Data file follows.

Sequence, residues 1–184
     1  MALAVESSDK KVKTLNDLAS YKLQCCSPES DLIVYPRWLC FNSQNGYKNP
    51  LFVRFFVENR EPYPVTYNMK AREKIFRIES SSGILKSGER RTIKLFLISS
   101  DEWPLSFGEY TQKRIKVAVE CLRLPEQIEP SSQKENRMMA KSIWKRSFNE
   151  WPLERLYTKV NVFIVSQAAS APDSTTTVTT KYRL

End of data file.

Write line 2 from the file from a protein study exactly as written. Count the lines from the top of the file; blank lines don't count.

     1  MALAVESSDK KVKTLNDLAS YKLQCCSPES DLIVYPRWLC FNSQNGYKNP